In most cases you can see a significant reduction in risk with Orchid’s embryo report. How much reduction you get really depends on a lot of different factors.
For example, in some situations it is possible to reduce your future child’s chances for breast cancer from 39% to the typical 12% with an embryo report. In other words, your child would go from having a high chance of breast cancer to having a typical chance.
You can get reductions like this if one embryo is “high risk” and the others have a typical risk. These situations can happen but they are not that common.
High risk is defined as being at higher risk than 97% or more of the population. By definition, that is only 3% of people.
But you can still see a big effect on your child’s chances even if no embryos are at high risk. For example, reducing the chance of developing Alzheimer’s by 50% is reasonable with five embryos. As is reducing the chances for schizophrenia by a third with just three.
Over 10% of the population will develop Alzheimer’s which means reducing the risk by a third is significant. The chances would be 7% instead of 10%.
Schizophrenia is a different story as it is not common–reducing risk by one third is taking risk from very low to very, very low. But this can be significant if schizophrenia runs in your family.
Around 0.5% or 1 in 200 people in the U.S. has schizophrenia. But if you or your partner has schizophrenia, your child’s chances of developing the disease go up to 10%. Now reducing risk for schizophrenia is important for your family.
Of these scenarios, the easiest to understand is the first one. If one embryo is at high risk, prioritizing a lower risk embryo for implantation will lower your future child’s chances for developing the disease.
The other cases are not as intuitive. How can we get such big reductions when none of the embryos is at high risk?
A recent study discusses why you can get such reductions and what the key factors are in determining the size of the reduction. We will spend the rest of the guide going over that study. But before we do, we first need to talk about genetic risk scores.
Genetic risk scores quantify risk for chronic diseases
Many people know about “simple” genetic diseases like cystic fibrosis (CF). If both parents are carriers, then each child has a 1 in 4 chance of having CF. In this case carrier parents can genetically test embryos created during IVF and choose to implant those that will not develop CF.
Diseases like schizophrenia or type 2 diabetes are a bit more complicated. Your chances for developing diseases like these depend on both your genetics and your environment. And their genetics are more complicated as well. (Click here to see the list of diseases that Orchid can determine risk for.)
Instead of a single DNA difference (or variant) that causes the disease, you can have over 1 million, each of which makes you a bit more or less likely to develop the disease. Your genetic risk is all of those variants totaled up into a single genetic risk score.
Having a high genetic risk score does not mean you will get the disease. And conversely, having a low genetic risk score does not mean you will be disease-free. A genetic risk score tells you how likely you are to develop a disease, not whether you will develop the disease or not.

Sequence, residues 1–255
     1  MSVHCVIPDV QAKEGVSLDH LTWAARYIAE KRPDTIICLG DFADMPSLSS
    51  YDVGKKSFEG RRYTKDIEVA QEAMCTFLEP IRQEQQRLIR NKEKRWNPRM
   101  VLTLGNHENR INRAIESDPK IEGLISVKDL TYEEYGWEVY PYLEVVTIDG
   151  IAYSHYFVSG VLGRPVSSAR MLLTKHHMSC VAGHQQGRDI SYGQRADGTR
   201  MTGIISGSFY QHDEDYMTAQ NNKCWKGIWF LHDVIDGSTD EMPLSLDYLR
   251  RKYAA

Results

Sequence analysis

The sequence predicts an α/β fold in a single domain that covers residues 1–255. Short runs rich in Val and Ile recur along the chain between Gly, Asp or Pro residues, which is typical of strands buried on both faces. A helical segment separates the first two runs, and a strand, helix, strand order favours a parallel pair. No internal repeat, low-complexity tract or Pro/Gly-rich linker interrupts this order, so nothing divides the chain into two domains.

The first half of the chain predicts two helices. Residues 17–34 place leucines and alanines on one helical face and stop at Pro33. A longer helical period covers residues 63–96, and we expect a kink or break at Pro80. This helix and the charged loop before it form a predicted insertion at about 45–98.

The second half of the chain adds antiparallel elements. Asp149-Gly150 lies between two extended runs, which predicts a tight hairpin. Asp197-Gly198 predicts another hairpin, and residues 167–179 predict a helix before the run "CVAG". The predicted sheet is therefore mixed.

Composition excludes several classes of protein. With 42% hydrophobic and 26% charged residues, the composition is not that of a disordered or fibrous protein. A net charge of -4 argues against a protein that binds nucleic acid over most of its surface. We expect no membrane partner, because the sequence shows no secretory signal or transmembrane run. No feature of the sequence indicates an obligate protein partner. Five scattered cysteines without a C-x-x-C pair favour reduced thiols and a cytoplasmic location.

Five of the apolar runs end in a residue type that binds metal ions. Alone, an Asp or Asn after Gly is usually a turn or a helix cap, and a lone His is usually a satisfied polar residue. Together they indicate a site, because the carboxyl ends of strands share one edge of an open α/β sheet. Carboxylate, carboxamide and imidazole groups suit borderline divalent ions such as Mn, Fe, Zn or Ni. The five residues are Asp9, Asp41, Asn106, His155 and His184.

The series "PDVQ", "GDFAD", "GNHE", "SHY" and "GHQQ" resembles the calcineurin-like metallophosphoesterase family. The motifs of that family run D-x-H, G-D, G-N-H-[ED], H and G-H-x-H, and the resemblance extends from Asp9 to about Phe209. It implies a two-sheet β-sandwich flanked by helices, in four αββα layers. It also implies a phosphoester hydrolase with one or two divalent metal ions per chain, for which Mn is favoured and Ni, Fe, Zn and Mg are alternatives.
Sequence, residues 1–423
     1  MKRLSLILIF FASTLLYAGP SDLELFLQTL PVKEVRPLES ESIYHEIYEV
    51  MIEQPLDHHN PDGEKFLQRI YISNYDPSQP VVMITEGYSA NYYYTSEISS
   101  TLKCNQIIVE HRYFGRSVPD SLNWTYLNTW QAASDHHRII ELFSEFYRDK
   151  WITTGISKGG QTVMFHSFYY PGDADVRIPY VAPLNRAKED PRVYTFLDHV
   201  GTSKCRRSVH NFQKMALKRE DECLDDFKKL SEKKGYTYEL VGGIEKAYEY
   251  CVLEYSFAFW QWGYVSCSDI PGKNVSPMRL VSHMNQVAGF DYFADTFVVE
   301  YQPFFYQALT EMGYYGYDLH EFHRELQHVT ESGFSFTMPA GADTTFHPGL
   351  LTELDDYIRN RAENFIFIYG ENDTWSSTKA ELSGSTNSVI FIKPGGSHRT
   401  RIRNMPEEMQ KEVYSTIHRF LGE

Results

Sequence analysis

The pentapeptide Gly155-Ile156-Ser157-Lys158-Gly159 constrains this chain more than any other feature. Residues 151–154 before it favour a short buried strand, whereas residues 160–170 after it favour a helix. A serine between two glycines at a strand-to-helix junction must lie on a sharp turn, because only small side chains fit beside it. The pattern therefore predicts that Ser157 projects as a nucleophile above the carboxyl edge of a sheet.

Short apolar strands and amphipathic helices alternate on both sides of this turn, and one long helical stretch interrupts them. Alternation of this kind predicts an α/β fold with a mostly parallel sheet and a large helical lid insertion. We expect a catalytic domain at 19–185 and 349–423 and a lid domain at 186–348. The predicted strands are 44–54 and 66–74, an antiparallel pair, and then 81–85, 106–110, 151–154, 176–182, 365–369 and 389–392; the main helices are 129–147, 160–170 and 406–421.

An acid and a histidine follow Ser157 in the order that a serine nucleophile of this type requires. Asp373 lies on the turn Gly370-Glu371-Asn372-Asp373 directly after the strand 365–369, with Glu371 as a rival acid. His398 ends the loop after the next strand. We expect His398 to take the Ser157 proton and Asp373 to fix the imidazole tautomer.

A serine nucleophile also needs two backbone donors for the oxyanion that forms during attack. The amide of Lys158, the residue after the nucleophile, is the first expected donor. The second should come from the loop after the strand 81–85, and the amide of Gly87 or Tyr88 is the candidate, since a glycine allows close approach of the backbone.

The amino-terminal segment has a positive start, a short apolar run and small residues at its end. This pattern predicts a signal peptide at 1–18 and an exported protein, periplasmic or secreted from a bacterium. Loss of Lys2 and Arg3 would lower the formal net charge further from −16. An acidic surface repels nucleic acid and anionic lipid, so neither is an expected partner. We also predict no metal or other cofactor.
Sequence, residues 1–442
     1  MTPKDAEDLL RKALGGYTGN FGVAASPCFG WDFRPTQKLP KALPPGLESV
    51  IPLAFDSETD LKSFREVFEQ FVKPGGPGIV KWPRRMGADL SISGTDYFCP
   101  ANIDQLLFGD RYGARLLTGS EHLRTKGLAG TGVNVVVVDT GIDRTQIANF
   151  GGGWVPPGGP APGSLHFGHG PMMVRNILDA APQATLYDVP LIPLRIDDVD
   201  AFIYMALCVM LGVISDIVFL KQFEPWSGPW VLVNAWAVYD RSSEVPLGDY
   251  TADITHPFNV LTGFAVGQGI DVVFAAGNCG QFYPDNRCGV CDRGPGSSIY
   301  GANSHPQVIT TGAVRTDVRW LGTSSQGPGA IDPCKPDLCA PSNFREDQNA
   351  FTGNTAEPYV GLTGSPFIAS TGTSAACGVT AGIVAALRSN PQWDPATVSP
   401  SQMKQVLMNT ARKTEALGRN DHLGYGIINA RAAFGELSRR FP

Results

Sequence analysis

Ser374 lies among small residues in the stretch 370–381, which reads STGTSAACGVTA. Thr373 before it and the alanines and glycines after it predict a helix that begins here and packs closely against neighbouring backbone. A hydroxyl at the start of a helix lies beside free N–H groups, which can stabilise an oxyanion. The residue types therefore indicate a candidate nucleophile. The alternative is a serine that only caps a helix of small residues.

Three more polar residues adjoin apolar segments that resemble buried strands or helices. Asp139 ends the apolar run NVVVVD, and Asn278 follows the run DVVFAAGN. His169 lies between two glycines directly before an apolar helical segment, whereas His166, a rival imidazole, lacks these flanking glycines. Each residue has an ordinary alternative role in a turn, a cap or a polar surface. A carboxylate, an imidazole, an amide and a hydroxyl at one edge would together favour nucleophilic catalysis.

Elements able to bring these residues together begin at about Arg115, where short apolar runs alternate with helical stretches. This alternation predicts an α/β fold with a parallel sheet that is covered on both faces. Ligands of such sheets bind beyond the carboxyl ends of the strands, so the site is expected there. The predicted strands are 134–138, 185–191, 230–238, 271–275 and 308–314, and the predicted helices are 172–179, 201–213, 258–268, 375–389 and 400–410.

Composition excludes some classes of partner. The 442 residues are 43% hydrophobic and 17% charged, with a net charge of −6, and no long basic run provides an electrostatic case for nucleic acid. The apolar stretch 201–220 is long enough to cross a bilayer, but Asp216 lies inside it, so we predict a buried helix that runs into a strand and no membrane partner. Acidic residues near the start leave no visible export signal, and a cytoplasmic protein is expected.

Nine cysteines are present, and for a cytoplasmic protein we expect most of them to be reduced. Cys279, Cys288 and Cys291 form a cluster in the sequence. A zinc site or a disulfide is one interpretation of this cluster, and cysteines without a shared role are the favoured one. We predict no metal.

A genetic risk score also only tallies up the genetic part of the disease. How big a role a genetic risk score plays in a disease is represented by the liability r2. The higher the liability r2, the bigger the role genetics plays.
Prioritizing the lowest risk embryo can result in significant risk reduction
A theoretical study came out in 2021 that explored how much you can lower your future child’s chances for a disease if you implant the embryo with the lowest chance for developing a particular disease compared to selecting an embryo at random.
The researchers found that you could get a significant reduction even in cases where you have only 2 or 3 embryos. The three most important parameters for determining how much lower a child’s chances for developing a disease were:
How common is the disease?
- This is represented by K in their model. If K=1, then everyone has the disease, if K=0.5 then half of everyone has it and so on.
How many embryos are available to test?
- This is represented by n in their model.
How big a role does the genetic risk score play in the disease risk?
- This is that liability r2 we talked about earlier. The higher the liability r2, the bigger the role the genetic risk score plays in determining the disease. The upper bound for the liability r2 for genetic risk scores is thought to be around 0.3 (at least for now).
The researchers then plotted all three of these parameters against each other to get a feel for how much reduction you would get under different circumstances with different diseases.
In the first graph, they looked at a disease that affects 1% of the population (that is what the K=.01 means):
There is a lot going on here but it is simpler than it looks.
Along the x-axis we have the number of embryos from 0-20. As you can see, in all three cases, there is a steep increase in risk reduction up to 5 embryos after which the risk reduction starts to fall off. Note you can still get significant reduction with 2, 3 or 4 embryos.
Next, let’s look at how much of the risk can be explained by the genetic risk score. Here they are showing three possibilities, a liability r2 of 0.05, 0.1, and 0.3. Remember, the higher the liability r2, the more of the risk the genetic risk score explains.